Discrimination faced by Mumbaikars...

If the housing societies in Mumbai (Bombay) are only meant for families (married couples), then the government of Maharashtra should make marriage compulsory in the state/city.
Or else the government should tell its citizens where will Unmarried, Divorcees, Bachelors, Spinsters live in the city of skyscrapers or is Bombay only for those who have families.
This is one of the greatest mental blocks of Mumbaikars, who otherwise want to bask in the FALSE HALO of Cosmopolitanism.
This disease (of not giving apartments to Bachelors, Muslims, etc on rent) is specially prevalent in housing societies where the Gujaratis, Marathis and North Indians (to some extent) abound; while the rest of the population is more or less okay with the concept.
The government of Maharashtra should take this matter seriously and devise laws to eradicate this malice ASAP, so that BOMBAY (and its suburbs) becomes free of discrimination based on Marital Status, Religion, etc. Or else the Honourable Supreme Court of India should step in, and give directions to the state or central governments -- so that the fundamental rights of its citizens enshrined in the constitution of India is not violated.

Thursday, February 28, 2013

Competition panel approves Diageo-United Spirits deal
Deal may give Dr. Vijay Mallya a chance to revive parent UB Group’s grounded KFA Ltd
Mumbai: The Competition Commission of India (CCI) on Thursday cleared the proposal of Diageo Plc. to acquire a majority stake in Vijay Mallya’s United Spirits Ltd (USL), strengthening its presence in the country.
The deal may also give Mallya a chance to revive the parent UB Group’s grounded Kingfisher Airlines Ltd.
On 9 November, Diageo, the world’s largest distiller by revenue, agreed to buy a majority stake in USL for a total consideration of Rs.11,166.5 crore, offering the Indian liquor tycoon a way out of mounting debt woes.
London-based Diageo, the maker of Johnnie Walker Scotch whisky and Smirnoff vodka, aims to acquire a 53.4% stake in USL, the producer of Royal Challenge and McDowell’s No. 1 whiskies and Romanov vodka, in a complex deal.
The transaction entails the direct purchase of a 27.4% stake in USL, including 19.3% promoters’ holding, for £660 million and the issue of fresh equity, followed by an open offer to buy 26% of the expanded equity from public shareholders at Rs.1,440 per share—the price paid for the direct purchase.
“Although it was expected that CCI would clear the deal, it’s a positive that they’ve given clearance without conditions. Some people were expecting CCI to ask the companies to change some terms of the agreement. Now the focus moves to the execution by Diageo. USL margins are very low and one of the key challenges for Diageo will be to improve their margins,” said V. Srinivasan, an analyst at Angel Broking Ltd. “At this price, I don’t think a lot of shareholders will tender their shares. But Diageo will settle for less than 50% control.”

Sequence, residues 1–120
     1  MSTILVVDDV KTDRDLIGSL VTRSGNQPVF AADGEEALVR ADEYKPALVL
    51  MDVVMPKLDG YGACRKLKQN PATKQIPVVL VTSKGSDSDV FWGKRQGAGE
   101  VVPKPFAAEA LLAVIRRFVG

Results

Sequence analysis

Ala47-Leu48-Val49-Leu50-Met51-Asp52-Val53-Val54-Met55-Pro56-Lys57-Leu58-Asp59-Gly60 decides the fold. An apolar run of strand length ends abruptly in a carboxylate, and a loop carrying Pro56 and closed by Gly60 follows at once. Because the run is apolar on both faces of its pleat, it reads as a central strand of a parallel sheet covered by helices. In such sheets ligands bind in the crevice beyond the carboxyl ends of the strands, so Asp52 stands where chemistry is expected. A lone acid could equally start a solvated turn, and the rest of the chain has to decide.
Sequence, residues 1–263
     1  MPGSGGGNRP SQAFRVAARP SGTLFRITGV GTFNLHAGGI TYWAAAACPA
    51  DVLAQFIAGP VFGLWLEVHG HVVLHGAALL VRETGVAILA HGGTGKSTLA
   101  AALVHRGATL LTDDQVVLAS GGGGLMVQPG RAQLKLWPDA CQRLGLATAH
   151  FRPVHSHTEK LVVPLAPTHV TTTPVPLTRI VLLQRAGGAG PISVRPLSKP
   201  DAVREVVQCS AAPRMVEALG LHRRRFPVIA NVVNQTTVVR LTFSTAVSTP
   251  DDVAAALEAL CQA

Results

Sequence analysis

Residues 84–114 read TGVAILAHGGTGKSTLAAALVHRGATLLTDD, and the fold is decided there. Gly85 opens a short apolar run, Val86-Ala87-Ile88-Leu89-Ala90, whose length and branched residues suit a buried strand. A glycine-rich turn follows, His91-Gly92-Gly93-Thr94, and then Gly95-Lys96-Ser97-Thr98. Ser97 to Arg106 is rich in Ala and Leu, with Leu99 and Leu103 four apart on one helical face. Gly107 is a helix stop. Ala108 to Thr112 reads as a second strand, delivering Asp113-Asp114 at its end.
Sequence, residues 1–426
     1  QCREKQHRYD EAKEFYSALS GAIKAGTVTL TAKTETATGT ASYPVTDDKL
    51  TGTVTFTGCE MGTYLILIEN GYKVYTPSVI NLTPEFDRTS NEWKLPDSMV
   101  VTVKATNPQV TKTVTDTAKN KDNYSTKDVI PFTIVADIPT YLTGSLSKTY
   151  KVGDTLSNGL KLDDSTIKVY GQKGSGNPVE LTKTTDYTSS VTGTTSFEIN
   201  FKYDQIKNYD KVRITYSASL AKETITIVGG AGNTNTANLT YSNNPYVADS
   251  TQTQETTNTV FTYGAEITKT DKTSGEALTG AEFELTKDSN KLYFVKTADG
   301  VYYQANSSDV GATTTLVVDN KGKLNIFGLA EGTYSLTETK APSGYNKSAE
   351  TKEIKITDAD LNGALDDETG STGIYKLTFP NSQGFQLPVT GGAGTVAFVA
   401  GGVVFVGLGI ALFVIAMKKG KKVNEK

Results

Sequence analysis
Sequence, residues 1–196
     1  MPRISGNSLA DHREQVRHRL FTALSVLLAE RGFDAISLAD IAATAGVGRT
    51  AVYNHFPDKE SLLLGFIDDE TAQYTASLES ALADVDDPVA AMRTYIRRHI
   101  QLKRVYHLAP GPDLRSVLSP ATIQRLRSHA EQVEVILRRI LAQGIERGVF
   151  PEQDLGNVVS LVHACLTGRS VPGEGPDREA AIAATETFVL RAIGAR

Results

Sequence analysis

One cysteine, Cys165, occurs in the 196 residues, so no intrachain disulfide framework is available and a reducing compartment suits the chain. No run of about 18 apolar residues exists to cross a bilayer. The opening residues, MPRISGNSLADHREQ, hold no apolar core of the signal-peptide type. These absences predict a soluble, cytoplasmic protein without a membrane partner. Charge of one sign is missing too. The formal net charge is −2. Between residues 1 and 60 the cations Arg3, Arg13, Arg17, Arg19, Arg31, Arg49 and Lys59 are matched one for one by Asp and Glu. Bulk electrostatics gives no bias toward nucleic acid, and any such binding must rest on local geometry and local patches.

India’s antitrust regulator said it approved the deal “by any of the modes as stated in the notice and other documents on record, under sub-section (1) of Section 31 of the Act, as the proposed combination is not likely to have an appreciable adverse effect on competition in India.”
The Competition Commission’s approval was the only remaining clearance for the high-profile deal.
The approval paves the way for Diageo to begin its open offer to buy 26% of United Spirits from public shareholders. However, with United Spirits trading at Rs.1,840 — comfortably over Diageo’s offer price of Rs.1,440 — analysts said few, if any, shareholders would sell their stock to the UK company.
“I don’t believe anyone will tender their shares at this price. There’s also the fact that investors have been waiting for this development for the past year. They have more to gain if they hold on to their shares because the outlook for United Spirits is bright after the Diageo takeover,” said Nikhil Vora, research head at IDFC Ltd.
Diageo is renowned for improving margins and business practices at companies it buys. The UK distiller is also expected to accelerate the process of ‘premiumisation’ at United Spirits, which still gets a majority of its volumes from low-margin liquor brands such as Bagpiper whiskey.
The anti-trust watchdog said as much in its approval.
“In the present case, Diageo’s acquisition of USL may give a boost to the premiumisation strategy. Thus, new premium brands of the established brands (brand proliferation) and new premium brands (brand extension), are likely to be introduced in the market for spirits,” the antitrust regulator posted on its website.
“The degree of product differentiation across price segments is likely to increase in the post combination scenario. The combination may increase and improve consumer choice and since the combining parties produce distant substitutes, the synergy of the firms will not detract competition,” it added.
Mallya is expected to use some of the money he gets from this deal to try and revive Kingfisher Airlines Ltd, also part of the United Breweries Group. Kingfisher Airlines has been grounded since 1 October, first because of staff protests against unpaid salaries and thereafter because of regulatory issues.
Though Mallya first said he will not divert funds generated through the Diageo-USL deal, his company later said the promoters may use part of funds to revive the airline.
In mid-February, lenders to Kingfisher Airlines said they had decided to recall all loans given to the airline, kicking off the process for the recovery of Rs.7,000 crore in debt.
“The banks explicitly support the transaction with Diageo and would work with us in finding an orderly method of disposal of some of the pledged shares to Diageo if appropriate,” Prakash Mirpuri, vice- president, corporate communications, UB Group, said a day after the lenders decided to recall the loans.

Courtesy: Live Mint